Being new to the world of guns and shooting I thoroughly enjoyed your "lesson". One of the primary reasons I come to the forum is to learn and this was a good mini-lecture. I look forward to hearing other discussions from you in the future. Thanks
 

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Eor, Yes, some pistols do have firing pins that don't retract fast enough. This is very common in Ruger P-345s, all Glocks, and a some other delayed blow back actions where a drag line or "tear drop" mark on a spent primer is very obvious. It doesn't seem to hurt anything and it is related to primer back-out.

I made a mistake above where I said "It happens in all guns except rimfires" ... there always seems to be an exception and in this case it's military brass where primers are staked in place. The staked brass edge of the primer pocket will prevent primers from backing out. This is done to eliminate primers from totally blowing out and ending up in the action, which could cause the weapon to jam. Once these fired military cases have the primer pockets swaged, they behave just like any other commercial ammo allowing primers to back out.

Just some info on measuring headspace ... with revolvers, this is normally done with a feeler gauge located between the case head and the recoil shield directly in front of the firing pin hole. By holding the cylinder fully to the rear, the ratchet column will contact the recoil shield and establish "true headspace". However if there is any cylinder endshake (which there almost always is), you have to hold the cylinder forward and measure again to get "total headspace". If total headspace is excessive, the firing pin will "push" the cartridge forward, which will cushion the blow and may cause a misfire. So ... true headspace must be enough where case heads won't drag on the recoil shield and total headspace must not be too much or you will get misfires and in extreme cases, the cylinder may unlatch when the revolver is fired ... a very bad condition. Popping a primed case and doing a "before and after" case length measurement over the primer is very quick, cheap, and conclusive for "total headspace".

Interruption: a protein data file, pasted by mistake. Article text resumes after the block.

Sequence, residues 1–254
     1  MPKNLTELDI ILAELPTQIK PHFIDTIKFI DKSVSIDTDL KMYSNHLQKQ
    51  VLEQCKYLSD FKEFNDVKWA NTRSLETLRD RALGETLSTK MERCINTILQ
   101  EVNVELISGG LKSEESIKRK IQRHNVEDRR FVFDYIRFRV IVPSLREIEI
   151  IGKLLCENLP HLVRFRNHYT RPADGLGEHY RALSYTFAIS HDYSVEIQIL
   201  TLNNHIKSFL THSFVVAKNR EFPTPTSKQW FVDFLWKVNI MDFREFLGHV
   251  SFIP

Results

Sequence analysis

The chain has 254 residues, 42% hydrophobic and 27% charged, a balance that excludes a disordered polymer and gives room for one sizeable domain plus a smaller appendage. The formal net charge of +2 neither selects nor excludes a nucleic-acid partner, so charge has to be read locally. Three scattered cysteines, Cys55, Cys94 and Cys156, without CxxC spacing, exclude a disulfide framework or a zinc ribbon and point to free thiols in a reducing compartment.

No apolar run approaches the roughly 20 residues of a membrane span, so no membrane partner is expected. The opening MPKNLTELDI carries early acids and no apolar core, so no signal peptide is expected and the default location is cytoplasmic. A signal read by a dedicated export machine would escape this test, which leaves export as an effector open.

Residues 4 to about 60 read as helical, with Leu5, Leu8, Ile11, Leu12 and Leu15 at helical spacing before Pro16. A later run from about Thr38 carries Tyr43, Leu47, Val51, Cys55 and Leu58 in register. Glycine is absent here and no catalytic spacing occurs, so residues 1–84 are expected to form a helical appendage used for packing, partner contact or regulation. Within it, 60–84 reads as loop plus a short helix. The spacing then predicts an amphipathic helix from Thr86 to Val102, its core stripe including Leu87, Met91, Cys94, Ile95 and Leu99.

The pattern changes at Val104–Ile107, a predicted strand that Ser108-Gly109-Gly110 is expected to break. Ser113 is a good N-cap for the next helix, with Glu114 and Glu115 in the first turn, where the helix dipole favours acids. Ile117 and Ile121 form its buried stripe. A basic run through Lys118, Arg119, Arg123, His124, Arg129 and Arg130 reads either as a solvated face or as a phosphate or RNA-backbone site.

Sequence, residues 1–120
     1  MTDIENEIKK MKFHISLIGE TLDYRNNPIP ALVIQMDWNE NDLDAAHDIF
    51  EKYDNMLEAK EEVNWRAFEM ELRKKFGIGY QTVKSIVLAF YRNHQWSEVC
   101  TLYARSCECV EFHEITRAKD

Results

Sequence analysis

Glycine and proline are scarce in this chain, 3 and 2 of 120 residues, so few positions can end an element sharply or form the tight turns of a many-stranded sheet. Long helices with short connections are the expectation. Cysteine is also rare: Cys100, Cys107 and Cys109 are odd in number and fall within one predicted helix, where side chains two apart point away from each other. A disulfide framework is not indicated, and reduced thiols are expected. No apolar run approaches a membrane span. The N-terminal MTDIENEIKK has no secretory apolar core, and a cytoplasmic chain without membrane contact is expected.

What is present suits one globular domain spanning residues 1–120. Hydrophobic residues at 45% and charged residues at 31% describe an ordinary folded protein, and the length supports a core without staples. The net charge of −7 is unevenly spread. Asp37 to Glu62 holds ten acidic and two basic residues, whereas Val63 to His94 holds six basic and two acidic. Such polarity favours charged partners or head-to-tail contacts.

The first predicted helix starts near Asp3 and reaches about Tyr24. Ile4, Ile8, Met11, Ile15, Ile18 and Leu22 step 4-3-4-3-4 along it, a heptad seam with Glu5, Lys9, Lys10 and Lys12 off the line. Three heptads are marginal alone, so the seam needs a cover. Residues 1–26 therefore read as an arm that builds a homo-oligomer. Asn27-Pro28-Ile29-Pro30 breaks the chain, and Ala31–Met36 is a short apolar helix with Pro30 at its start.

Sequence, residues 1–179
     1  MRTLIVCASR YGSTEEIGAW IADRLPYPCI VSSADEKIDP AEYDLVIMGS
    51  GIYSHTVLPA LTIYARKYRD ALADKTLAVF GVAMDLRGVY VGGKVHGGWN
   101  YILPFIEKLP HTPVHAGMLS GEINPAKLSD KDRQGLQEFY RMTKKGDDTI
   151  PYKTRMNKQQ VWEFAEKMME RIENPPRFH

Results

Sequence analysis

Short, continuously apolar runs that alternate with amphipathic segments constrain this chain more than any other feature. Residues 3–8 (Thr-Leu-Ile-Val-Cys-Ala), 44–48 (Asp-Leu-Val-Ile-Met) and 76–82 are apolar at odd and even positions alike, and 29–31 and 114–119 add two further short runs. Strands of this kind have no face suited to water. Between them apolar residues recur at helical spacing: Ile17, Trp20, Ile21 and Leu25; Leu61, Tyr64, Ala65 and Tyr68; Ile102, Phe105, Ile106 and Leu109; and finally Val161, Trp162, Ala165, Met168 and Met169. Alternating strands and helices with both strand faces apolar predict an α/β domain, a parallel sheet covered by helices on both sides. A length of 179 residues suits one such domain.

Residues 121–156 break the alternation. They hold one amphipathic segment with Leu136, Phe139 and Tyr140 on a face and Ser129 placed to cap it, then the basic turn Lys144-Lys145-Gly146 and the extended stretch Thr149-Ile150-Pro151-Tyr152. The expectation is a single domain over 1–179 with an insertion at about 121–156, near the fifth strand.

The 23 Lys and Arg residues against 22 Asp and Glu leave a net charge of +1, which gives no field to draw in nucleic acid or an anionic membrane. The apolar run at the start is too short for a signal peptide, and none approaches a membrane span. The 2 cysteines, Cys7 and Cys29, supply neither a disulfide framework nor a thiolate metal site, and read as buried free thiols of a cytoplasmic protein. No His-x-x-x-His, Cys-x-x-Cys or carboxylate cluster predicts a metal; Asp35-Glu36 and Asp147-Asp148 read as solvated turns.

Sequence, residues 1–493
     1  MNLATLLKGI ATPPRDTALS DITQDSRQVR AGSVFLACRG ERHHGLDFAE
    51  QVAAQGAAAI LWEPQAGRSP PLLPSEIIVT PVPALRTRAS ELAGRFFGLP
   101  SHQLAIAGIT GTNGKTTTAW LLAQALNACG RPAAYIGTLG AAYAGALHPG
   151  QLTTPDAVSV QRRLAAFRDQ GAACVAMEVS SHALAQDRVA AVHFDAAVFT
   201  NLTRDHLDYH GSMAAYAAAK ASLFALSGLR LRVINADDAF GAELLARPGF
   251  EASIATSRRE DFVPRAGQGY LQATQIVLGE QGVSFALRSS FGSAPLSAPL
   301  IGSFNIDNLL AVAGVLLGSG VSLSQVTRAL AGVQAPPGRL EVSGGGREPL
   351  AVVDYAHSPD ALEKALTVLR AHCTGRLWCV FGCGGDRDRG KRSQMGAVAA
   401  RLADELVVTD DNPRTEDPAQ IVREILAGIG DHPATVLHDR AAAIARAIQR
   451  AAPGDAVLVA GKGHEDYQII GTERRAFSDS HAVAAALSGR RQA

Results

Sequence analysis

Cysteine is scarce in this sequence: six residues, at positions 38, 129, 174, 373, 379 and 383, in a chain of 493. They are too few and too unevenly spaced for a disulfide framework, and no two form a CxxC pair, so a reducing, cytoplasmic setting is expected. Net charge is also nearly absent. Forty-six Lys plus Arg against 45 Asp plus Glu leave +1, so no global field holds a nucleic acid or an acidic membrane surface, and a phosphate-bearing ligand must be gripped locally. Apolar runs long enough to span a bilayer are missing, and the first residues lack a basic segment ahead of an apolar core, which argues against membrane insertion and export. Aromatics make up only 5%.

Measuring headspace in a pistol requires just one measurement because there is no "endshake". What you do is field strip the pistol then place the barrel (and bushing if so equipped) back in the slide with a spent case chambered (no primer). With the slide belly up and the barrel held locked in the slide, use a feeler gauge to measure the distance between the case head and breach face. This takes special feeler gauge blades that are narrow enough to slide in place. Once the headspace gap has been measured and recorded, you have to measure the length of the case and do a little math. Using the above .888" 45 ACP as an example ... subtract that from a full length case (.898") which is .010" and subtract that .010" from the thickness of the feeler gauge. The end result will be headspace with a full length case. Popping a primed case is even easier. Just measure the case length over the primer after it has been popped and subtract .898". No need to strip the gun down or buy special feeler gauges.

Rifles are very difficult to measure headspace because you can't access the case head. You can buy special headspace gauges (they look like a cartridge) but they are expensive and are unique to a specific cartridge. Here's where popping a primer works exceptionally well ... it's very quick, cheap, and accurate. Merely do a before and after case length measurement on a primed and sized case and subtract the difference.
 

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Rifles are very difficult to measure headspace because you can't access the case head. You can buy special headspace gauges (they look like a cartridge) but they are expensive and are unique to a specific cartridge. Here's where popping a primer works exceptionally well ... it's very quick, cheap, and accurate. Merely do a before and after case length measurement on a primed and sized case and subtract the difference.
I'm going to have to try that.
Have several old mismatched mausers that I sort of checked the headspace using tape on the base of unfired cartridges....